Eight QSOs were made on 20m CW, including two into the USA. After packing away I called on the 2m handheld and got an immediate reply from a surprised Matt G8XYJ/M, who remarked “Blimey, you’re brave!”.
Matt did warn me that my likely route across to Birmingham, the A4117 over the flanks of Titterstone Clee Hill G/WB-004, was closed, forcing him to turn back on his own journey. Thankfully, it was reopened by the time I got there, otherwise I would have been late for soundcheck. I did pass a very battered up white van - total write off. I couldn’t tell whether the collision had been with another vehicle, or a fallen tree.
I set off home from that night’s gig even thinking about a late night jaunt up The Cloud G/SP-015 on the way. The combination of tiredness, and the M6 being closed between J14 and J15, put paid to that! I do intend to pop out shortly this afternoon though. No gig tonight as it stands - so at least I’ll have that rare joy of watching Match of the Day at the proper time! Aaargh - just remembered - it’s international break this weekend - so no footy on the telly. Disaster - someone gimme a gig quick…
Don’t kid yourself. You’re no Tolstoy.
I wouldn’t describe myself as that. But it seems there are fans of my work in the most unlikely of places.
Saturday 13th October 2018 - Gun G/SP-013 & The Cloud G/SP-015
I hung around and waited in until gone 5pm, on the chance that a Saturday night gig might come in. It didn’t. So eventually I jumped in the motor with the HT and logbook and made my way to the Staffordshire Moorlands.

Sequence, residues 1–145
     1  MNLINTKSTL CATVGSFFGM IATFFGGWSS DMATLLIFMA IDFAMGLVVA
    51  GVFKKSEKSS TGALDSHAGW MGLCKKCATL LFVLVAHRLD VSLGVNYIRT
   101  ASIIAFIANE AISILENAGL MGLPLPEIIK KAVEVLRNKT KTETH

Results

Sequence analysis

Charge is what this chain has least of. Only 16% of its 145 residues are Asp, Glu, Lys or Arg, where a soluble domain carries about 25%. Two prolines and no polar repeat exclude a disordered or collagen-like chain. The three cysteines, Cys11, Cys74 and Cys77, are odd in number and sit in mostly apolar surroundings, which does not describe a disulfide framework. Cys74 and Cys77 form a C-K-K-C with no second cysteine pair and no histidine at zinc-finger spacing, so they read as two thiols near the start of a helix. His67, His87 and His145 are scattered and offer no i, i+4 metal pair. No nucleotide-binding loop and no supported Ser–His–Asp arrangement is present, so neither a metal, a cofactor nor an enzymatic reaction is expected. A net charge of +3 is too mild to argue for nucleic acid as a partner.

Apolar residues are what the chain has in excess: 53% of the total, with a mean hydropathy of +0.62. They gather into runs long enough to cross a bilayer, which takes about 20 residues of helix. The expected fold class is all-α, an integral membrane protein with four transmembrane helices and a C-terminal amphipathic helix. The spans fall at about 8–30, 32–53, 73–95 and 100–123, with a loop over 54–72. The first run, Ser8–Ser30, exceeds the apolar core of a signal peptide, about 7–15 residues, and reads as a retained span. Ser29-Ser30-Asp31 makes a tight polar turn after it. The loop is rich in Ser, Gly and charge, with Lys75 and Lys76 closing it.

For the first time in ages, there was running water on the path up Gun G/SP-013. Nowhere near as bad as it can get, and it was easy to keep one’s feet on dry ground, but nonetheless an indication of normal service being resumed after an unusually long dry spell.
Four contacts were made on 2m FM using the handheld.
I then actioned the increasingly frequent switch over to The Cloud G/SP-013, and the incredibly familiar ascent. 2m FM was nice and busy on the handheld, and I was treated to no less the nine QSOs when I was on the summit. I kept trying to go QRT and descend, but the calls kept coming!
I was keen to get back though, for an arranged pub outing with Jimmy and Liam, and a curry take-away to mark a rare gigless Saturday evening.
Sunday 14th October 2018 - Gun G/SP-013, The Cloud G/SP-015 & Winter Hill G/SP-010
Gig: Joe Longthorne
Venue: Viva Blackpool
It were reet chuckin it down outside. But at lunchtime, a decision needed to be made if I was going to get my SOTA fix in before going to work in Blackpool. Despite the inclement weather, the decision was made to activate.
Upon arrival at the gate to commence the walk up Gun, I could see that it had at last, after many months of uncharacteristic dryness, reverted to type. The path was replaced by a fast flowing river and I was going to need to remember the technique of hopping up there in trainers without getting wet socks.
At the summit, five QSOs were made, four on 2m FM and one on 2m C4FM. Time was against me so I didn’t hang around - not that anyone would want to in that rain anyway!
I descended and drove over to The Cloud. The dog at the farm close to the summit seemed very pleased to see me after I’d climbed the staircase.
At the summit, four QSOs were made, three on 2m FM and one on 2m C4FM. Suddenly, it was time to be getting back home, washed, changed and back out to work.